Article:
Typically, I save the links to other people's writings for Fridays. But I've been enjoying Chris Nadovich's account of his 2009 bike ride across America. He wrote it en route. It's honest, direct, plain spoken, and funny in an understated way. I don't know how many people have read it so far, but more people should. It rings true, possible and audacious all at once and that makes it all the more inspirational. I left the best parts back at the source, but here's a small sample. . .
The idea of traveling through the countryside, whether by boat, bike, or on foot, without a clear notion on exactly where one will spend the next night, can be an off-putting prospect to those who have never done it. The closest many people ever dare to experience is a multi-day car trip, staying in random motels without prior reservation.
The solid predictability of civilized life makes us recoil from the idea of just driving till we are tired, then looking for a motel. We want more of a plan. Off-putting though this may be to our civilized sensibilities, multi-day treks are exactly of this formless form. Even when the trek is organized by others – as is the case with RAGBRAI and other similar events – often one doesn't completely know the sleeping arrangements at the end of the day's excursion. The swarm of 10,000 riders that is RAGBRAI quickly exhausts any possible planned campsites. Basically, when the day's riding is done, drunk or sober, by daylight or by flashlight, one still needs to find a place to sleep. To those of us that have come to love it, the uncertainty is the very charm of this multi-day trekking thing.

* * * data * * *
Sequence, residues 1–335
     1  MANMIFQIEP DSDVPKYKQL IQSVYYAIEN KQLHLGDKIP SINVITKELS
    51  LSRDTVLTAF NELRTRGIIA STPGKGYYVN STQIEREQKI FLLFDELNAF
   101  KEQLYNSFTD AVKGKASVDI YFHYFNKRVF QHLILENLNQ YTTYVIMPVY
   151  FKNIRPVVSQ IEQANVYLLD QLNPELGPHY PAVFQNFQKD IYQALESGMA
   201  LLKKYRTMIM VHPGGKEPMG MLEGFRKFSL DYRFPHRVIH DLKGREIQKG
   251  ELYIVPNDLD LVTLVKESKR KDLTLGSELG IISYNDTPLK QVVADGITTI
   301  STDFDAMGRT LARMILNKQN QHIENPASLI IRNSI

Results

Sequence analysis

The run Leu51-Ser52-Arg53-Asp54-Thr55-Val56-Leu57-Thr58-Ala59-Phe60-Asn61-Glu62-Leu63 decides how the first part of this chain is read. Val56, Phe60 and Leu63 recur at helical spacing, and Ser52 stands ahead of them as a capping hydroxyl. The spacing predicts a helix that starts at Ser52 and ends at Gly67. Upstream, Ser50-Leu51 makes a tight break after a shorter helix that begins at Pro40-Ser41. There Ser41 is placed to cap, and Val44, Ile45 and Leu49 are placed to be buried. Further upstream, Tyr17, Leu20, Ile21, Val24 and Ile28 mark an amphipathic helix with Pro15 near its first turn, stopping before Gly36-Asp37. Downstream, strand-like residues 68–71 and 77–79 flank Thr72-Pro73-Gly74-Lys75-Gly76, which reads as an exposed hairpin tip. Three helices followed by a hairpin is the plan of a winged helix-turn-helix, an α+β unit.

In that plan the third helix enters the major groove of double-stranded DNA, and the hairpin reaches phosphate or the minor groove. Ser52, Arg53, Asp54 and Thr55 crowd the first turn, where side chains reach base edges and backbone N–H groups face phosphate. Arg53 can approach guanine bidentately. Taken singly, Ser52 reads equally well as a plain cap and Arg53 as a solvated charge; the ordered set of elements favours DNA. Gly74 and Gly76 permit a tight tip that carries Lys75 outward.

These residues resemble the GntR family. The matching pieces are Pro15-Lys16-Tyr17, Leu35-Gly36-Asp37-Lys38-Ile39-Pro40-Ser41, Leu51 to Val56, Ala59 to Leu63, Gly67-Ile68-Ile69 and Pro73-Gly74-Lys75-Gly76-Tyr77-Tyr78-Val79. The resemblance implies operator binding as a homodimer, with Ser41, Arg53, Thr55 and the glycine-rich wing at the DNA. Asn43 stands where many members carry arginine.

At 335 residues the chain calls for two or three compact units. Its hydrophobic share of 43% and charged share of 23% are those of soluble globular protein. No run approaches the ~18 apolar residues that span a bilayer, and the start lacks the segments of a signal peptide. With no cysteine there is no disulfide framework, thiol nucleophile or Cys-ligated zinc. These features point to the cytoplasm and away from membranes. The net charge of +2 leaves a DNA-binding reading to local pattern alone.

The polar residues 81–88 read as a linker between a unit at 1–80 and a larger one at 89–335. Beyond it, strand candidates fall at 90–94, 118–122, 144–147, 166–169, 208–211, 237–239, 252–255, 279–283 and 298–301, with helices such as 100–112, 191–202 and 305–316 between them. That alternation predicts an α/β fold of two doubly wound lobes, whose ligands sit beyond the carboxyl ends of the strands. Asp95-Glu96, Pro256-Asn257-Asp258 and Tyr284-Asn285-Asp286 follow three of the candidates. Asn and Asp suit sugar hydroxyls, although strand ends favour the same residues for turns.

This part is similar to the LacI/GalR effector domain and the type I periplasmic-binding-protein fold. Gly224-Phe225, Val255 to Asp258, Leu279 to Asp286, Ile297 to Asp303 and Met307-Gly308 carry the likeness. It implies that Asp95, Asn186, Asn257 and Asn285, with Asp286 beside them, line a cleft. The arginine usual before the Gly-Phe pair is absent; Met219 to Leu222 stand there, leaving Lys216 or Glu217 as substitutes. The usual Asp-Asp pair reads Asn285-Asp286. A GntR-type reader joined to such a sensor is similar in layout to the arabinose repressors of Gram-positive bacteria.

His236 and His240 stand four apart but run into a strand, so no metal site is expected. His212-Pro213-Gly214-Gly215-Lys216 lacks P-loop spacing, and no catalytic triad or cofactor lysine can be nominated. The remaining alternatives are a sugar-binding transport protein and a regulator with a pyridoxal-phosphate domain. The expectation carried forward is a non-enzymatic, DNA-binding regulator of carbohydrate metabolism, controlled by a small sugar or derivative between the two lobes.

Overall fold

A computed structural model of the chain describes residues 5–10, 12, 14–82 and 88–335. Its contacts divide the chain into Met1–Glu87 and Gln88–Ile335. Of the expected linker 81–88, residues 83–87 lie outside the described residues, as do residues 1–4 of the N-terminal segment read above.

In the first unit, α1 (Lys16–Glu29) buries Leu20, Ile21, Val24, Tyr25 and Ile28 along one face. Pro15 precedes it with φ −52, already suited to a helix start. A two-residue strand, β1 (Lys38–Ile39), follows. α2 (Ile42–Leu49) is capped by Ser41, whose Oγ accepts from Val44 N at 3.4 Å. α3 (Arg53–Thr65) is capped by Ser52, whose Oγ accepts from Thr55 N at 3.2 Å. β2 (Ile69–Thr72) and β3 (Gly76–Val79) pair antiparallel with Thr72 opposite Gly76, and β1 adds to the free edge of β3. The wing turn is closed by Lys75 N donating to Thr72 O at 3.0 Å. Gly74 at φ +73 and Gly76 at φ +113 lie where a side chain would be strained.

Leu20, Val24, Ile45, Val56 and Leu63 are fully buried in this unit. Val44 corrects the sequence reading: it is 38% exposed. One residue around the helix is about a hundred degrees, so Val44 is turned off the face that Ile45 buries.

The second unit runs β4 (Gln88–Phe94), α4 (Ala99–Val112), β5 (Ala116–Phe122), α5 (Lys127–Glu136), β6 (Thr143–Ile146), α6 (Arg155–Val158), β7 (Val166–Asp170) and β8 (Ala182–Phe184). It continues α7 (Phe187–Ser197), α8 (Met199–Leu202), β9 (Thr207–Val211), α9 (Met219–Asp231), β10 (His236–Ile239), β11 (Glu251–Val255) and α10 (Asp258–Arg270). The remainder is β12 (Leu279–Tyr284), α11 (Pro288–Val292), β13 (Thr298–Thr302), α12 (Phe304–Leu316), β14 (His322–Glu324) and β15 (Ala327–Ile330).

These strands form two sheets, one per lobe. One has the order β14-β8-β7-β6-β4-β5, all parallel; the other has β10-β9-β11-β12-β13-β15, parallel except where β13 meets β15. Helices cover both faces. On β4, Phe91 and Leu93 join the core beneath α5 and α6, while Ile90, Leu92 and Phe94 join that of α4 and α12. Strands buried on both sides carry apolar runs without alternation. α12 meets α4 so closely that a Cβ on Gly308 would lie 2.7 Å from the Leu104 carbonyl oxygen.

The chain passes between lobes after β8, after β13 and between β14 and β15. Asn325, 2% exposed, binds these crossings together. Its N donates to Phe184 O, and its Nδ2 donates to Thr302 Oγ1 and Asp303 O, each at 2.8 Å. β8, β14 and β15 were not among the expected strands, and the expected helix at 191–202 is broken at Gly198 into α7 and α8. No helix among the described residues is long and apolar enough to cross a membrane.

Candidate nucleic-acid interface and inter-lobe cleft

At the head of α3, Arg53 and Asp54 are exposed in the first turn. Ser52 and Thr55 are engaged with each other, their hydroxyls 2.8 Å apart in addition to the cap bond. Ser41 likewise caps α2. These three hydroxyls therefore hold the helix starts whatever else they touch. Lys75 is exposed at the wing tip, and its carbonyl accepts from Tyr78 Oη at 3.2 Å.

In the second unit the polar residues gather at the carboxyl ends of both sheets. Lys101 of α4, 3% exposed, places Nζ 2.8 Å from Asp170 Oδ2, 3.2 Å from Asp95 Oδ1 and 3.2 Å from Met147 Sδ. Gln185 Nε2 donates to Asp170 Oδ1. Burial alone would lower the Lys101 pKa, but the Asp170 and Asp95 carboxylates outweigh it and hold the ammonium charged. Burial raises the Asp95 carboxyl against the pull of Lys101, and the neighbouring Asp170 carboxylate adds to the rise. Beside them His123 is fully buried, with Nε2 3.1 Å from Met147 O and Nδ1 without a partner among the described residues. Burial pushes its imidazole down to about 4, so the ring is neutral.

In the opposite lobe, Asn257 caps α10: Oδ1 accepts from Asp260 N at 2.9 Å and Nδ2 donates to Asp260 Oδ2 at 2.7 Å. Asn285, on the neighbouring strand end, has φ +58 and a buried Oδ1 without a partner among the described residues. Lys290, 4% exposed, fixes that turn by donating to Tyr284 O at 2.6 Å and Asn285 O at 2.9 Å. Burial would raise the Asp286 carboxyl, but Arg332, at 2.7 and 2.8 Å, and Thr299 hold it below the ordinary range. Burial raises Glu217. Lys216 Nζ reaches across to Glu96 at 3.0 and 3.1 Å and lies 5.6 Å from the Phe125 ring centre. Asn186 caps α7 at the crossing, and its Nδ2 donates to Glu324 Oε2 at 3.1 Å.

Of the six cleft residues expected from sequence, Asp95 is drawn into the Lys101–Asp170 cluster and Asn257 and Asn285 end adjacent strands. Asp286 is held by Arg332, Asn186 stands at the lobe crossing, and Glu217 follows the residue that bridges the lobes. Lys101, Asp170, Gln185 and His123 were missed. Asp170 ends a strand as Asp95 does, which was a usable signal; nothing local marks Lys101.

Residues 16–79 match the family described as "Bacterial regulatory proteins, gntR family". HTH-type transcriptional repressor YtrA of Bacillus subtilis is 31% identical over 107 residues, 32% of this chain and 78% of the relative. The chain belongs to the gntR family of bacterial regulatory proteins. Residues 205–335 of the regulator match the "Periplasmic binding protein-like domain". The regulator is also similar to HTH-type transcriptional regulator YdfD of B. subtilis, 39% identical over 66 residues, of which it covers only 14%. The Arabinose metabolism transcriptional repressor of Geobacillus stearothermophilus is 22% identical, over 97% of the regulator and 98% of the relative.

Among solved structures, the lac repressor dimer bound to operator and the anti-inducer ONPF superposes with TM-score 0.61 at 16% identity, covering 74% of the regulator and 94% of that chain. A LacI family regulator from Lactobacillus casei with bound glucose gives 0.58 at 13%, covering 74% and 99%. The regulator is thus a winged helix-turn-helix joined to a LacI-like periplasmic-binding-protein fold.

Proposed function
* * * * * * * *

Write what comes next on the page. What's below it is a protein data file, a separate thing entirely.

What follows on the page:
. . .
The toughness required for trekking is still within my grasp. With a clear travel goal in mind and the inspiration to care about it, given enough time I can usually get my ass from point A to point B, assuming the gods don't conspire against me.
As goals go, a transamerica bike ride always was a life goal for me. I think it first became a goal for me back in the 70s when I saw my two high school friends pedal off on their own ride across America. I thought it was a pretty cool thing to do. I thought I wouldn't mind doing it myself.
So, why did I wait so long? Why did it take me 33 years to get around to doing something about this supposedly important lifelong achievement?
It seems to me that as one ages, acting with true spontaneity becomes impossible. Instead, I seem to be developing a backlog of whims desired but not acted on. In some cases, the whims are bad things that I refuse to act on for moral reasons, an extramarital affair, for example. But in other cases, the whims are benign dreams, say, to ride a bike across America.
These good whims sit in my volitional queue waiting for a triggering event. There has to be a proximate cause. I simply can't wake up in the morning, pick some whim out of my queue and act on it. Maybe I could when I was 20, but no longer. Something or somebody has to prod one of these quirky scripts on stage into my life.
In the case of the transcontinental bike ride under discussion, the triggering event was a conversation I had with Gary during one of Doug's "Gin and Tonic Partys".
Reprinted with Permission - Thanks Chris.